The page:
When we traveled through Italy, we fell in love with the style of la Cucina Rustica (the Rustic Kitchen), which still influence modern kitchen layouts. Stone, brick, tile and terracotta are the main materials used for sinks, counters, floors and other structures. If there is stone or brick in the structure, exposing them adds to the feeling of warmth. Wood beams on ceilings of above a hearth is almost a requirement. Often a modern cooktop and small oven (by American standards) are complimented by a propane tank and gas burner set into iron legs or an wood coal heated grill built right into the walls of the structure. There are many Cucina that have large and deep cooking hearths where pots would hang for cooking and baking. Modern farm style apron sinks popular today are mere great-grandchildren of the one piece carved and decorated marble or travertine sinks found in vintage Italian country kitchens.
The two photos above were taken in Trullo Gallo Rosso, a wonderfully restored compound of trulli that he runs as a B&B in Puglia. Our host Hugo prepared fantastic breakfasts in his own version of a Cucina Rustica. The property was originally owned by his grandparents and still contains treasures from his Nonna's cucina as well as well as keeping alive the traditional food.
The photo above was taken in the Cucina of our hot air balloon pilot's home in Tuscany (Idea Balloon Tuscany). Gianna and Stefano made us feel right at home, sharing wine, sausage, bread, cheeses and other treats... along with being able to scratch the bellies of their many pooches. Stefano told me that he had done much of the carpentry himself--the hand hewn thick walnut counter in the foreground can rotate to the other side of the kitchen via a floor-to-ceiling huge pivoting post. And just take a look at the kitchen table he built.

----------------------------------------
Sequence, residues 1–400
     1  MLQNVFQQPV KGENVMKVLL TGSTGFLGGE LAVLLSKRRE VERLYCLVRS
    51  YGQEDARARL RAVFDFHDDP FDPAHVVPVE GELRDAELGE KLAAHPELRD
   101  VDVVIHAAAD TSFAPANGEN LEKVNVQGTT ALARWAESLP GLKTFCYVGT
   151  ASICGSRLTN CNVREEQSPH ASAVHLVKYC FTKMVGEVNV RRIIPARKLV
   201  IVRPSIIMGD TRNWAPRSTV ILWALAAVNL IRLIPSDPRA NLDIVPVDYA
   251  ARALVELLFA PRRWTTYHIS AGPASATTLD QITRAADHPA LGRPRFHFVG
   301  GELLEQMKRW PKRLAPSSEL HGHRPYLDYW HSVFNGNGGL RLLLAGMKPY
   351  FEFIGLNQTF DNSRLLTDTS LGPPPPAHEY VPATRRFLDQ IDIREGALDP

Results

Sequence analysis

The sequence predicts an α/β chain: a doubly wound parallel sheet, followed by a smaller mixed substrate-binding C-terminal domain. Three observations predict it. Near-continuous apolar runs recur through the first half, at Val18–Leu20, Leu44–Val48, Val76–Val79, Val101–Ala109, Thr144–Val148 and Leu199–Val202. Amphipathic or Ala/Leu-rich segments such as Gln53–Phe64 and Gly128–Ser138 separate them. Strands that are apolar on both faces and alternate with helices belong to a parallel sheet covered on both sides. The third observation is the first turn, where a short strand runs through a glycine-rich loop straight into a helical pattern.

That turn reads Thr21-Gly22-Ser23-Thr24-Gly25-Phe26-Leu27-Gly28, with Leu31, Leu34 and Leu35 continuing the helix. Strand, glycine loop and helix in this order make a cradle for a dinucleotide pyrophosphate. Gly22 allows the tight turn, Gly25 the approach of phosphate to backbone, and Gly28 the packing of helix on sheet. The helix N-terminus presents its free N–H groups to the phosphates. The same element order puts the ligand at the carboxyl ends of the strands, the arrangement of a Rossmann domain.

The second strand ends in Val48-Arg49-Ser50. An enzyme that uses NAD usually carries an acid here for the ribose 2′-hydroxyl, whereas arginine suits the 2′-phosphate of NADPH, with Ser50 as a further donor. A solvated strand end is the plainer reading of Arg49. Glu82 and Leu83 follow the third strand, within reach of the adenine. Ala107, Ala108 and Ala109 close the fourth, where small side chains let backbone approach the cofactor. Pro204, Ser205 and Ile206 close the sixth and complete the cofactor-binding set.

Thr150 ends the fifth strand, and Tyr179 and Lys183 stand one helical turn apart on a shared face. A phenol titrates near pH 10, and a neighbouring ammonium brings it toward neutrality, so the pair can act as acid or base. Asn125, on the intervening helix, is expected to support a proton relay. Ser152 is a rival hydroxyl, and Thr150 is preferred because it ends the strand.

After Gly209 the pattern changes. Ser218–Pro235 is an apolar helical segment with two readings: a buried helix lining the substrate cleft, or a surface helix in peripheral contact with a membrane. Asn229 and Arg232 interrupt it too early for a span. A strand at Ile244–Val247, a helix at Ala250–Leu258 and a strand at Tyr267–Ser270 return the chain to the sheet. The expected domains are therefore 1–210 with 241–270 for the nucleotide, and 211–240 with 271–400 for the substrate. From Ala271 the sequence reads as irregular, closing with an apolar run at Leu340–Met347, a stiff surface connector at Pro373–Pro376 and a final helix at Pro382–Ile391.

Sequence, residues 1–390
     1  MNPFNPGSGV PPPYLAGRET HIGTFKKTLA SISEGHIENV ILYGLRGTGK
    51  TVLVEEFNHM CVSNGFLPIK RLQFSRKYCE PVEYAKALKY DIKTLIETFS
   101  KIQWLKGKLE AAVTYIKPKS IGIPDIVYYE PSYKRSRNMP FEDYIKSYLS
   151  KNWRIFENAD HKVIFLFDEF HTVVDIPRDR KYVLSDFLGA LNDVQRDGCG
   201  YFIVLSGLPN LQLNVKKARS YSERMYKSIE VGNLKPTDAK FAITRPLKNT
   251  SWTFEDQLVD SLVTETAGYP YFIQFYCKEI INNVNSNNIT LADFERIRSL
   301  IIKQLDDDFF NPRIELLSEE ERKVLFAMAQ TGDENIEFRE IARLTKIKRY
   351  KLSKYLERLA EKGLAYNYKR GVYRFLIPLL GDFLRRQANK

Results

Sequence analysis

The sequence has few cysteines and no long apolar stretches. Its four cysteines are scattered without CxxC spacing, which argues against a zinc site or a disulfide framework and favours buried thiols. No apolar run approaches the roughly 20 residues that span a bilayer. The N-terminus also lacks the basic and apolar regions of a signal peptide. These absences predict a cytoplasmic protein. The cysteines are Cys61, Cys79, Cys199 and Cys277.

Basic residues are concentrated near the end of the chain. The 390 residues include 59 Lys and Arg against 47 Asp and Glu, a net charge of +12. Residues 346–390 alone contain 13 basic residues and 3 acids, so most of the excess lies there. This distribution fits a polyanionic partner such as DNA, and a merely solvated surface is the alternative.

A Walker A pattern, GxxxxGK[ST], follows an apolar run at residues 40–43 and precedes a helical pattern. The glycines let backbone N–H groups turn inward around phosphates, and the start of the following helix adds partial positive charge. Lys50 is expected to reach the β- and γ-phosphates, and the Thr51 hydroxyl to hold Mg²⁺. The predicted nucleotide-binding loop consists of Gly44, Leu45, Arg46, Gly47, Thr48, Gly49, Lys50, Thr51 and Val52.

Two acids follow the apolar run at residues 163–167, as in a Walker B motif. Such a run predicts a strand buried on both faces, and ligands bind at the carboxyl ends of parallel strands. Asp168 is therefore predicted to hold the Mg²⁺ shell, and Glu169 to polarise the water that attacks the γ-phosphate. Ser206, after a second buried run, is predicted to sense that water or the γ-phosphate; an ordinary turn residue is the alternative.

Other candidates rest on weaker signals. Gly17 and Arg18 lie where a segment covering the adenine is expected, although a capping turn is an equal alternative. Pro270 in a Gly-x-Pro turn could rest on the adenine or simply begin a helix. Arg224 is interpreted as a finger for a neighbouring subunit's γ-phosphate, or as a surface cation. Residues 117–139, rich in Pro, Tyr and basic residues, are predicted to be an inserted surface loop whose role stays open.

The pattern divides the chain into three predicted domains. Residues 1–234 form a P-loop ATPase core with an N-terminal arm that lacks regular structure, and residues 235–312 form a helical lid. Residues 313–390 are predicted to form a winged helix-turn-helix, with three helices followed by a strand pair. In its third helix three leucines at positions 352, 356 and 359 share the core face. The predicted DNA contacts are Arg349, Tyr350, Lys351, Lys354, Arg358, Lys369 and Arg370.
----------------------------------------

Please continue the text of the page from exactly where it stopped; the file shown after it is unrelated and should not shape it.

Even modern Italian kitchens don't need a lot of space. The fridge is small because most people pick up fresh food from markets and shops pretty much every day. There are less cupboards because Italian cuisine requires less equipment to prepare and cook and serve the foods. Their meals are simpler--small breakfasts and dinners--because pranzo (lunch) is the main meal of the day during the 2-3 hours riposa. Coffee machines are rare because most people prefer making espresso with their little Bialetti Moka pot. So open shelves are plenty for storage. One more element that might be overlooked is indoor shutters--in Italy, used to shut out the light and heat during the midday riposa.
Finishing touches and accessories to complete the
Cucina Rustica look...
To finish off a Cucina Rustica, you need accessories that not only look the part, but function well. After all, simplicity is the key in Italian cooking and kitchens. Great, long lasting pots hanging on a wall rack, good quality knives, storage jars and jugs, cutting boards and pizza peels, pasta bowls, a wall rack with your most used kitchen tools and of course, the ubiquitous Moka pot to make your espresso. I'll finish off with some ideas to inspire you in creating your own Cucina Rustica with some recommendations from Amazon products...